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r are related, that transaction value is acceptable for customs purposes under the provisions of sub-rule (3). 9. These exceptions are in expansion and explicatory of the special circumstances in Section 14(1) quoted earlier. It follows that unless the price actually paid for the particular transaction falls within the exceptions, the Customs authorities are bound to assess the duty on the transaction value. 10. …. …. …. 11.  …. …. …. 12.& .....

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ituation where payment of price may be deferred. 13. … …. …. 14. It is only when the transaction value under Rule 4 is rejected, then under Rule 3(ii) the value shall be determined by proceeding sequentially through Rules 5 to 8 of the Rules. Conversely if the transaction value can be determined under Rule 4(1) and does not fall under any of the exceptions in Rule 4(2), there is no question of determining the value under the subsequent Rules. 6.4 Further in the cas .....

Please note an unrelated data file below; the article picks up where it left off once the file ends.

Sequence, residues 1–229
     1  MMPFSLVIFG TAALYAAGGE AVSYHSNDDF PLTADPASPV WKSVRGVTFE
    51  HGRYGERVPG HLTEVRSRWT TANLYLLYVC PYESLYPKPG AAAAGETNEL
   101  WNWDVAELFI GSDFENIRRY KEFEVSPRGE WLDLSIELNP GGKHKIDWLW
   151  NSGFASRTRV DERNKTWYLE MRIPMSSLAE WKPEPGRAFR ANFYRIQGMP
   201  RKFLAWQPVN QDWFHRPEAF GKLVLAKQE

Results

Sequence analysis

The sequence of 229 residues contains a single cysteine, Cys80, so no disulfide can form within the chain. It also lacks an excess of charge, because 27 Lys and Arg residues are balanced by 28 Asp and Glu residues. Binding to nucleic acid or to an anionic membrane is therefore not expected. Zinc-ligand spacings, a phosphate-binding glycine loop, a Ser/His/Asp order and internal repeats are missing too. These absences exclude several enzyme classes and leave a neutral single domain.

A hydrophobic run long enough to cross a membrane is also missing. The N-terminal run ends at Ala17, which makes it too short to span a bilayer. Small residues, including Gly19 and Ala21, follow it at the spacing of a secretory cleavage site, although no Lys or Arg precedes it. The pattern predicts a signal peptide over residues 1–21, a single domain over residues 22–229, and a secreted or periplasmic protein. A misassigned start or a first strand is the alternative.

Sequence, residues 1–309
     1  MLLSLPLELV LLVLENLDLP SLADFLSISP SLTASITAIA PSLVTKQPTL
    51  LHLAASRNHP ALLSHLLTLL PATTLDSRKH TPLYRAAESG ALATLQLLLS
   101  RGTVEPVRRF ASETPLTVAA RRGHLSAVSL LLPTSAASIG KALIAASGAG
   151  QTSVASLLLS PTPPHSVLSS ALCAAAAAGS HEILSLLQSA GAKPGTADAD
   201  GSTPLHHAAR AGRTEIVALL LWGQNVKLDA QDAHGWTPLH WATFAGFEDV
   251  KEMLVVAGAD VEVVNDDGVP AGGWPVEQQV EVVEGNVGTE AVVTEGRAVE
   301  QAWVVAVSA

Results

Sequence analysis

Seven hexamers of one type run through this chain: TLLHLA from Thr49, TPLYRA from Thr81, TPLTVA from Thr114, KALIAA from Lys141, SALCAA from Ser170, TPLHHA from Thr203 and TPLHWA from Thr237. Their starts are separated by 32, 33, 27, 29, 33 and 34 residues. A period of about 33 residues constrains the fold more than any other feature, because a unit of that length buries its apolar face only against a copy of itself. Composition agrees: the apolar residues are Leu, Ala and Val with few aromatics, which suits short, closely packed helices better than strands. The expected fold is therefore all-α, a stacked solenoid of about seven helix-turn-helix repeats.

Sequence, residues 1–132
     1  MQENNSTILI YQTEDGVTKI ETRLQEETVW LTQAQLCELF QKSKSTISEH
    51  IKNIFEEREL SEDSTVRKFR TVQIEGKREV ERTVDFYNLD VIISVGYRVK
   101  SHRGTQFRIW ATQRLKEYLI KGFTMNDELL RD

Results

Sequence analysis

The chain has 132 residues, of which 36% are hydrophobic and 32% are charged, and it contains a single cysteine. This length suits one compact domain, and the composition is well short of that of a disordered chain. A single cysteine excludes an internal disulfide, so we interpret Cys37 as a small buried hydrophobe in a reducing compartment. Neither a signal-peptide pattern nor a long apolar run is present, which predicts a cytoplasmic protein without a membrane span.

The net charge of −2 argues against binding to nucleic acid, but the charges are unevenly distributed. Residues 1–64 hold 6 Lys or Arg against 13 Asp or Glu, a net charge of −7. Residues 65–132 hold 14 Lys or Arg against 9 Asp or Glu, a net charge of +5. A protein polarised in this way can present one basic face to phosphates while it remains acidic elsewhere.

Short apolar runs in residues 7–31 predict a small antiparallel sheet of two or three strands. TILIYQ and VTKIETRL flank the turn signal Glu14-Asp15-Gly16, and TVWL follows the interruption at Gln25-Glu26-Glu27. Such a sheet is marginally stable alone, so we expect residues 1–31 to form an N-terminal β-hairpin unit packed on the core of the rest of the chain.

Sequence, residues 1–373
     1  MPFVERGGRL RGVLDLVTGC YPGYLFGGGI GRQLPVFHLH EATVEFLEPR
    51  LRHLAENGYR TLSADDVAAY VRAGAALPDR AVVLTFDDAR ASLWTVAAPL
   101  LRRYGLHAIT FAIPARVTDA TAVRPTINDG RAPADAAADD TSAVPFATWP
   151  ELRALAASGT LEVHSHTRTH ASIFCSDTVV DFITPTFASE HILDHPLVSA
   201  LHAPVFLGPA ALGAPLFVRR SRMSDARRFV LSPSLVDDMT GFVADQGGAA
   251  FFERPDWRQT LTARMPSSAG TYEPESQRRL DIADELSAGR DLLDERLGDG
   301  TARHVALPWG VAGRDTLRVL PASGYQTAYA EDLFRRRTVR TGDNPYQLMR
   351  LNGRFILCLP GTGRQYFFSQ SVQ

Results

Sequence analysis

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f Rule 6 of the Customs Valuation Rules (CVR), 1988. In other words, Revenue has not followed the provisions of Rule 3 (ii) of CVR, 1988, which say that where value of imported goods cannot be determined under Rule3 (i) of CVR, 1988, it has to be determined by proceeding sequentially through Rules 5 to 8 of these Rules. Let us further refer here to the Hon ble Supreme Court s decision in the case of Chaudhary Ship Breakers (supra), where in the Para 15 the observations are as under : 15. &hellip .....